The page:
So at this point I did some cleaning getting ready for the new tank. I started with the tray. The silver tray in the photo is just lying there. The tray is a heat shield and catch all for the tank. It’s just an aluminum insulated tray. Easy way to clean it is to take it out, clean the heavy grease off with some Kerosene. Once the heavy stuff is off, I hit it with a degreaser and then water.
I continue cleaning everything I can see. The exposed frame, the top of the differential and the top side of the wheel wells all got well cleaned. No residual dirt or grime in there now. I even cleaned off the lines to get them nice and clean. I left it looking as clean as it was when it left Conner Ave. Well, as close as a 12 year old car can get.
Next, I had to clean the edge of the opening. Where the closeout panel will eventually get adhered to. The cleaning of the edge is done with the angle grinder with a cookie on it to clean off the residue on the edge. With the edge clean, I can easily mark the edge for the holes.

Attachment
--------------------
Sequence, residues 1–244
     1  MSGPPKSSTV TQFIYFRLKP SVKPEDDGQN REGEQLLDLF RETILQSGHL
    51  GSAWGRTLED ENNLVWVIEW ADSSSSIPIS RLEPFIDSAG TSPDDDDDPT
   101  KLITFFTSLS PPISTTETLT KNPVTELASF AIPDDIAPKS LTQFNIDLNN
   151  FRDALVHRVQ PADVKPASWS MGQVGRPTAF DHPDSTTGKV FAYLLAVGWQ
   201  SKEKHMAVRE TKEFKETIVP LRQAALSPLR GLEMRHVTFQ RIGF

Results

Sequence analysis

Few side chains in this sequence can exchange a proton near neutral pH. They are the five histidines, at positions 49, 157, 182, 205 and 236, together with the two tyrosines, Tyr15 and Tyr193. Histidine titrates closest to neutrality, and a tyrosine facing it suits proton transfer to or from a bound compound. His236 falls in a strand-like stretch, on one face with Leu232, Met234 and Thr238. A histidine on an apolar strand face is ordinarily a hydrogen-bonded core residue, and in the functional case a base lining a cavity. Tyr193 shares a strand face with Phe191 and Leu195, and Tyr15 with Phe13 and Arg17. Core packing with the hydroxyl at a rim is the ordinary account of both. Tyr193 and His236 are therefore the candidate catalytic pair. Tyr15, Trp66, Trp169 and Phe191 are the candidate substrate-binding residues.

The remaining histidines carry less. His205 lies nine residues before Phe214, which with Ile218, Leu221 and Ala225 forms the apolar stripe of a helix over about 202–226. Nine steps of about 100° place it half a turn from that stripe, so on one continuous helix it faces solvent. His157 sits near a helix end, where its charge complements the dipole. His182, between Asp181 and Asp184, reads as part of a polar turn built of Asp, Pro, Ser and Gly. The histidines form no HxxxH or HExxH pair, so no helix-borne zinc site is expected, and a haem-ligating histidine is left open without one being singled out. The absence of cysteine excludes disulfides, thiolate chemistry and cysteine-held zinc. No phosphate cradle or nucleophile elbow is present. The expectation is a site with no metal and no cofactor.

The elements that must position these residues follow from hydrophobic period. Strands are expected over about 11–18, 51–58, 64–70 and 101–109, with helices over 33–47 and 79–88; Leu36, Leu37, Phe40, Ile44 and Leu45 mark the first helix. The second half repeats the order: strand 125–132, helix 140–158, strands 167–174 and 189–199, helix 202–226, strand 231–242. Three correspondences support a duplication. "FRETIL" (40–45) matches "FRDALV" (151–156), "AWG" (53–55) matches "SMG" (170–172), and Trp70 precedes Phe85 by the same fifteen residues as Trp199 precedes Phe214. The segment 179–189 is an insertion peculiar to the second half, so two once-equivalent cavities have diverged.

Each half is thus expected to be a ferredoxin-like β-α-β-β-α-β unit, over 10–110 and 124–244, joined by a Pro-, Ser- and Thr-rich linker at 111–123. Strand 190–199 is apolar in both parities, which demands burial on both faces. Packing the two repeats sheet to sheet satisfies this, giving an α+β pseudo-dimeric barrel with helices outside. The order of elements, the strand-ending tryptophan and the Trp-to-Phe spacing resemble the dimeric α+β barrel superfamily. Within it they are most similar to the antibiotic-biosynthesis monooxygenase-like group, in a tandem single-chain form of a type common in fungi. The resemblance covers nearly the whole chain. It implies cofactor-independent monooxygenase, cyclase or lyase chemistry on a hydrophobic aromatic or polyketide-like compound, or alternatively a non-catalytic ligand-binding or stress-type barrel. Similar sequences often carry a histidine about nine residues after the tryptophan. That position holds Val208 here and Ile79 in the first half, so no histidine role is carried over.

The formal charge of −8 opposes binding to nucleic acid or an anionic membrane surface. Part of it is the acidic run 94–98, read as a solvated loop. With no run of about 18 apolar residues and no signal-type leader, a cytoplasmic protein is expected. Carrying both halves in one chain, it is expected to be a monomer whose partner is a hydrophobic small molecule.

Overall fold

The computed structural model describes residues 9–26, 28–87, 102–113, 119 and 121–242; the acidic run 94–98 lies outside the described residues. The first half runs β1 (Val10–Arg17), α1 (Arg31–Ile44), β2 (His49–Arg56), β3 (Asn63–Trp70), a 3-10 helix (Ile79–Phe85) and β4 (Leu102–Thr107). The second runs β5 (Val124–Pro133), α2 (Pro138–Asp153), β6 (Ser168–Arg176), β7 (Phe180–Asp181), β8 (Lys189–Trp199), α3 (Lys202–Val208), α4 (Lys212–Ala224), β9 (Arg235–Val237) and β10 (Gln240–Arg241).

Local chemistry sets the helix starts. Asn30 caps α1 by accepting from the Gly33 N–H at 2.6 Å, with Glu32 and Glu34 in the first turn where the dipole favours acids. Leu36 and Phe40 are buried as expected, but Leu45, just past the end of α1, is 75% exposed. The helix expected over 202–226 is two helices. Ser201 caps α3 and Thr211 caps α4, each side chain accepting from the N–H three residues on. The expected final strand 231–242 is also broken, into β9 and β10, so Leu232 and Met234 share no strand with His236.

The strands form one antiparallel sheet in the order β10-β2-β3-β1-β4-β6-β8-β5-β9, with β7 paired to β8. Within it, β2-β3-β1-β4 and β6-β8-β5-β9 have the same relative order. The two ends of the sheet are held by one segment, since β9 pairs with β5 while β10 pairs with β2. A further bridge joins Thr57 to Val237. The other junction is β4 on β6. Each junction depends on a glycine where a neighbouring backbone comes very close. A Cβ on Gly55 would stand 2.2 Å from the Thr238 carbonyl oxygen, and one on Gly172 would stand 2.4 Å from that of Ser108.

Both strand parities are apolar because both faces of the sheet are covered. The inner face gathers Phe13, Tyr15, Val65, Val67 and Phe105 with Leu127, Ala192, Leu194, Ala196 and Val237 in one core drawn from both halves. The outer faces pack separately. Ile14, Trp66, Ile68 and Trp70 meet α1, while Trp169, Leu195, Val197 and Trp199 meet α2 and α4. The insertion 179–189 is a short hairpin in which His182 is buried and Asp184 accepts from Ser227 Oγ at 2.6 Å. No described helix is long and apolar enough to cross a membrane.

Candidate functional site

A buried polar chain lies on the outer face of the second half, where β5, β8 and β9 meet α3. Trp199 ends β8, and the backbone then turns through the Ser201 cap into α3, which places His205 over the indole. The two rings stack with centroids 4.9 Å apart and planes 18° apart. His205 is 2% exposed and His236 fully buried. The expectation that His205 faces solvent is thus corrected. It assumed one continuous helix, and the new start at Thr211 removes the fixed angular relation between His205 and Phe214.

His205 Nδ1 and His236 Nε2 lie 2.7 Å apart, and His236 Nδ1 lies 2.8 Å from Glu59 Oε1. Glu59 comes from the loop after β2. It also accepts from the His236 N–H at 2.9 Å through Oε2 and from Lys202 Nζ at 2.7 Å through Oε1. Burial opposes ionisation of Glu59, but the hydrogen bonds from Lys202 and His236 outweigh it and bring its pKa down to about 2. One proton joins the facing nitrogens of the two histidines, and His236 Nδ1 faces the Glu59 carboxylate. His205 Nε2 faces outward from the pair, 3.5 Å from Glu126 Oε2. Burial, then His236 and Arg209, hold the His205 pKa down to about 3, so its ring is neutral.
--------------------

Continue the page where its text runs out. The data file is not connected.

At this stage, get the closeout panel again. Place it back over the hole, without the tank there, and then mark all the holes. Again, make sure you have in there where it goes. An extra set of hands helps. Then mark the holes. Remove the panel and set it aside again.
Drill the holes for the pop rivets. I used aluminum pop rivets. I drilled 3/16 holes for the pop rivets. I used 3/16” diameter pop rivets with large dome heads.
Now time to get the new tank back in.
Here is the new tank with the strap in place.
Below I have the tank positioned in place and I start attaching the lines again. With the strap there I can connect the vent lines. Note the lines go over the strap. You will not be able to get the strap in place after the lines are connected.
Each vent fitting in the next two shots. In this shot you can get a view of the cleaned edge and the drilled holes for the pop rivets.